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October 20, 2023 “Have HOPE”


The Pink Ribbon: A Symbol of Hope

The iconic pink ribbon, synonymous with breast cancer awareness, is a beacon of hope in October. It serves as a reminder of the journey that millions of individuals embark upon, survivors, fighters, and their families. More than just a symbol, it’s a call to action, urging women to prioritize their breast health through regular self-examinations and mammograms.

While many people are very hopeful there are just as many more who are hopeless. This week I heard so much hopelessness in people’s voices or when reading comments on my social media pages. I was talking to one client about her meal plan and sodium intake, suggesting she should lower it because of her high blood pressure. I explained to her that my goal is to help her get off those medications and by lowering her sodium intake that is a step in the right direction. She quickly said, my doctor said my blood pressure is hereditary. You know what look I gave her, one of exasperation. Her statement is a sign of hopelessness. Anytime someone feeds you excuses, instead of making changes, this is a sign of hopelessness. Each of my 3 siblings are on blood pressure medication along with my mother, so yes high blood pressure runs in my family and is hereditary.  However, I am very conscious of my eating and of course I exercise quite frequently. I am not saying I can’t get high blood pressure however I am doing everything in my power to avoid it and if I was on meds, I would do everything in my power to change my behavior to come off them. Hereditary is one thing however the biggest reason people have high blood pressure is because of their lifestyle.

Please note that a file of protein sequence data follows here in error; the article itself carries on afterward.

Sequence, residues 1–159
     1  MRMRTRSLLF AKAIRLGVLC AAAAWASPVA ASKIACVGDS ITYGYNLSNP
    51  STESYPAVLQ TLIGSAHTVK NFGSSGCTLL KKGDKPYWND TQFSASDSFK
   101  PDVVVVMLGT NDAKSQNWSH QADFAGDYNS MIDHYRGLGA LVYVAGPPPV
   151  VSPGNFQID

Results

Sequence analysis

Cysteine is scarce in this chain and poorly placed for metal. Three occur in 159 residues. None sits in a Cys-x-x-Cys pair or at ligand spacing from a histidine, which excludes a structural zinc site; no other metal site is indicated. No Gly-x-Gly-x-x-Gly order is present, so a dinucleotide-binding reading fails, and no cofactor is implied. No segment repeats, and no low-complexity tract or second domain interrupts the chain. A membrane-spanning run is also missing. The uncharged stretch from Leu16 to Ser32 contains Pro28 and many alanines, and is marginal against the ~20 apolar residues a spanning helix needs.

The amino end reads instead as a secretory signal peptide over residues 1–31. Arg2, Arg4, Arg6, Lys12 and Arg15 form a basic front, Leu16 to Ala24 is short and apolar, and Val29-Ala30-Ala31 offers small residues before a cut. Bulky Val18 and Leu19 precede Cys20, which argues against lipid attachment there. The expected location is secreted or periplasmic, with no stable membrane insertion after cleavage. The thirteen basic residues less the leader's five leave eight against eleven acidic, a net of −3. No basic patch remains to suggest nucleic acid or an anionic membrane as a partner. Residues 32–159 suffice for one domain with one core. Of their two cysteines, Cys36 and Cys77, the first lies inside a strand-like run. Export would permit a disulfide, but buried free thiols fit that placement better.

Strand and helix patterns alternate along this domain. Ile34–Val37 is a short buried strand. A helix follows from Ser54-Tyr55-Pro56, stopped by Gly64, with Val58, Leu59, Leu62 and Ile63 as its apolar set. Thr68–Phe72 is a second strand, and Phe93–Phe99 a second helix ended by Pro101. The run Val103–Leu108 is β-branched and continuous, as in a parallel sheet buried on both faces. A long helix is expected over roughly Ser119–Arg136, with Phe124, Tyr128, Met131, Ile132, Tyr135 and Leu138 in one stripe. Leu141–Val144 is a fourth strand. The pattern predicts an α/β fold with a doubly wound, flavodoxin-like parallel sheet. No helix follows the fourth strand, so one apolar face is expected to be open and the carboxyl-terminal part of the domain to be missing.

I posted a video of me from Wednesday’s workout.  I know I go hard, and I truly understand that not everyone on social media knows that I show modifications for each exercise. A stranger commented in response to that post, “Girl bye, Ain’t nobody doing all that”. Besides her being a hater, she also exhibits signs of hopelessness. Anytime I see an exercise on social media or whatever source, and it looks difficult, my first response is not to think this is impossible for me, but I have hope that if I practice the exercise enough I will be able to achieve it.

It’s common to lack hope, though. Someone with depression, by the nature of their illness, may lack hope that they’ll ever feel better. The parent of an adult child with an addiction might not have hope that the child will ever change, because they’ve seen them go through so many struggles without changing.

Hopelessness can feel like a dark hole that is impossible to escape. Fortunately, you don’t have to stay stuck there, even though it can feel like you will be stuck there forever.

We all have the power to develop hope, even in the most difficult situations. When you feel a little more hopeful, you also grow mentally stronger, which can help you take positive action to improve your situation.

Hope Defined

Hope involves a belief that you can create a positive outcome. It’s not wishful thinking, like wishing you’d win the lottery. Instead, hope means you believe that you’re capable of achieving a goal with a little hard work, like creating a payment plan to get yourself out of debt.